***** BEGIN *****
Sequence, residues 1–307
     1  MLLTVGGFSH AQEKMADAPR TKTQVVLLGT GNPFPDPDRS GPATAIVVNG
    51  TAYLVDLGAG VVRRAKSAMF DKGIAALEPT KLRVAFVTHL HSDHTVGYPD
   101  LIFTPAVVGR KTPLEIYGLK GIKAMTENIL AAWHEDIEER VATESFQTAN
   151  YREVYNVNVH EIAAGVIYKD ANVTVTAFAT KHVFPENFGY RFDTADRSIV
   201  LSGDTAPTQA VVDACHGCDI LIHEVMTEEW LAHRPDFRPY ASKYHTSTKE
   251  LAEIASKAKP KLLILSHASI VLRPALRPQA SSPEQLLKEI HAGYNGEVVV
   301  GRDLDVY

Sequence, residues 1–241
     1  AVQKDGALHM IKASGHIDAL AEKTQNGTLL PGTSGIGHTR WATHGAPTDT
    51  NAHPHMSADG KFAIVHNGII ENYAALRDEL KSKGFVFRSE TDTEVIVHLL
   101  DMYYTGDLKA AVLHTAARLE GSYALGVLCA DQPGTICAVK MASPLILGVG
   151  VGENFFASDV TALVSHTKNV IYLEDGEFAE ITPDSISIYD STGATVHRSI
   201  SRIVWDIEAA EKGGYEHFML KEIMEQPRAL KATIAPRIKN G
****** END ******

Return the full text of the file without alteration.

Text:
Sequence, residues 1–307
     1  MLLTVGGFSH AQEKMADAPR TKTQVVLLGT GNPFPDPDRS GPATAIVVNG
    51  TAYLVDLGAG VVRRAKSAMF DKGIAALEPT KLRVAFVTHL HSDHTVGYPD
   101  LIFTPAVVGR KTPLEIYGLK GIKAMTENIL AAWHEDIEER VATESFQTAN
   151  YREVYNVNVH EIAAGVIYKD ANVTVTAFAT KHVFPENFGY RFDTADRSIV
   201  LSGDTAPTQA VVDACHGCDI LIHEVMTEEW LAHRPDFRPY ASKYHTSTKE
   251  LAEIASKAKP KLLILSHASI VLRPALRPQA SSPEQLLKEI HAGYNGEVVV
   301  GRDLDVY

Sequence, residues 1–241
     1  AVQKDGALHM IKASGHIDAL AEKTQNGTLL PGTSGIGHTR WATHGAPTDT
    51  NAHPHMSADG KFAIVHNGII ENYAALRDEL KSKGFVFRSE TDTEVIVHLL
   101  DMYYTGDLKA AVLHTAARLE GSYALGVLCA DQPGTICAVK MASPLILGVG
   151  VGENFFASDV TALVSHTKNV IYLEDGEFAE ITPDSISIYD STGATVHRSI
   201  SRIVWDIEAA EKGGYEHFML KEIMEQPRAL KATIAPRIKN G